Thursday, September 20, 2018

[Food] Bulgogi (불고기, Korean-style marinated beef)



(불고기, Korean-style marinated beef)

Chusok (추석, Korean Thanksgiving Day) is a few days away, and I will be heading to Busan by overnight coach after work on Sunday (Yes, the city of Dwaeji Gukbap) where my parents currently live.

Chusok is one of the biggest national holidays in Korea, alongside Korean New Year in February. During Chusok, Koreans give thanks to God and their ancestors for all the harvested fruits and blessings they have received that year. To express gratitude towards God and their ancestors, they carry out a ceremonial service (in the case of a Christian family) or perform ancestral rites by offering all the yay fruits and foods to them. Moreover, Koreans visit a cemetery where their ancestors are buried or a columbarium where their urns are kept.

And in my family's case? We have ancestral rites the traditional Korean way :) whereby I bow to my grandpa and his parents, to my maternal grandparents, and to my great-aunt (my dad's older sister). 

Common ancestral rites in a Korean family

A cemetery placed in a mountain
So my grandma, who is 94-years-old, is now the oldest member of the Kim family. I always remember her as being a very kind and loving grandma, often nagging me 'When are you going to marry?' 'Get a better job than what you have now' 'Study hard' 'Improve yourself in all ways' etc., but she welcomed my sister and I whenever we visited her house in Busan on vacation. My father used to tell me how unfortunate it was that she was born during the Japanese colonial era in Korea when women had few opportunities to develop themselves into successful professionals. In spite of her intelligence, memorisation abilities, mathematical and linguistic gifts, there were few options other than becoming a good housewife, tailor, dancer, singer or cook. Well, I think that, from her children's perspective (my aunts, uncle and dad), she achieved her dream of going to university and getting a good job because they all went to top universities in Korea then secured well-paid jobs.

Meanwhile, for me, if anyone asks me 'what pops up in your mind when you think about grandma?' I would answer 'Bulgogi (불고기, Korean-style marinated beef) - her signature Bulgogi that only I can eat when she cooks in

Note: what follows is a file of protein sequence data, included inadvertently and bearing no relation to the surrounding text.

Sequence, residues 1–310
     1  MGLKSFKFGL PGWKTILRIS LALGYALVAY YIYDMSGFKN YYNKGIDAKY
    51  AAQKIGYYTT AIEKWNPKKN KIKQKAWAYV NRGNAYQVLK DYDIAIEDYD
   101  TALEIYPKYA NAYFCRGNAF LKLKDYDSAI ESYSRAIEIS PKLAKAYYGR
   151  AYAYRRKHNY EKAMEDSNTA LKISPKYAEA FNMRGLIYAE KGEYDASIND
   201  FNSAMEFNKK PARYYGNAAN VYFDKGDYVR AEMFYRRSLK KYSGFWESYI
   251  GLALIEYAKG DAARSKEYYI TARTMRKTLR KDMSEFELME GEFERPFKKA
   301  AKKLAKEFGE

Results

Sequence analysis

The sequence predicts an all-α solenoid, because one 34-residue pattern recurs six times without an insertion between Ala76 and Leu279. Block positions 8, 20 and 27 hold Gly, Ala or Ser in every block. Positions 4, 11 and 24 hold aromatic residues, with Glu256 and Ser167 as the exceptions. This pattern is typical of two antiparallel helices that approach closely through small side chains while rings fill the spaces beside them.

her kitchen'.

It's quite astonishing that most - if not all - grandpas or grandmas has his/her own secret recipe. My grandma also has a few secret Korean recipes. My favorite is her Bulgogi :)

A typical Bulgogi

I don't know where she learned or how she figured out her Bulgogi recipe, but it has always been more than delicious and indescribably tasty. I once asked her how she makes her marinating sauce for Bulgogi, and she answered:

"Just put in the ingredients you need, then it's done. It's no different from any other Bulgogi's nothing special, son.."

Wow....No, grandma, your recipe should be registered to UNESCO and published in Korea and throughout the world for eternity! Bulgogi's main flavor is mild saltiness, sweetness and tenderness of soy sauce with marinated thinly sliced sirloin. My grandma's Bulgogi has an extra tender soy sauce with marinated meat and mild spicy flavor from minced garlic - in addition to normal Bulgogi recipe :) No one can guess how she does it. My mom and aunt also tried her recipe but it was not as tasty as grandma's....I think grandma's Bulgogi recipe is a mystery in the Kim family.

Well, unfortunately, Bulgogi's origin is uncertain compares to its certain fame. It is said that Bulgogi has existed since 300 or 400 A.D., but the official record is that it was written in the Korean cookbooks of the 1800s. The recipe had been passed down future generations and Pyeongyang Bulgogi (N.Korea's current capital city) became very famous in the early 1900s in Korea. There are a few more types of Bulgogi that differ by city. Bulgogi and Korean BBQ culture later spread and crossed into Japan, becoming 'Yakiniku (Japanese BBQ)'.

Seoul-style Bulgogi - sweet soy sauce flavor with lots of veggies and soup. This is the most famous type of Bulgogi in Korea and in the world.
Unyang style Bulgogi - scored and coarsely chop the meat and marinate it. Then grill it on a charcoal fire.
Bonggye style Bulgogi - Only Bulgogi that doesn't use any seasoning or sauce but rather salt. 
Gwangyang style Bulgogi - No marinating process. Sliced meat is roasted on charcoal right after shower of Bulgogi sauce, similar to Unyang style Bulgogi.

To make Bulgogi you'll need:

Thinly sliced or chopped sirloin

Fine sugar

A Juicy Korean pear

Korean's favorite ingredient: minced garlic

Soy sauce

Popular topping for Bulgogi : Sweet Potato Noodle
To make Bulgogi: first of all, thinly slice Bulgogi is scored then marinated with sugar, Korean pear juice to be tendered. Then Bulgogi sauce (soy sauce, minced garlic, sugar, honey etc.) is poured onto the marinated meat. Then you roast, stir-fry or boil it to cook the meat :) You can choose the style you want.

Instant Unyang style Bulgogi that you can easily cook at home :)

Until some years ago, I could look forward to tasting my gandma's Bulgogi at Chusok, but now I can't. She is now 94, which means she doesn't have enough power to cook for her family aunt cooks the Kim family style Bulgogi, but frankly-speaking, it is not as good as the original (Sorry, Mrs. Park. I love your food though) :(

Although we can't eat grandma's Bulgogi anymore, I'm sure that her warm heart and kindness to her family will pass down through her children and future generations through her Bulgogi recipe :)

Bon appétit!

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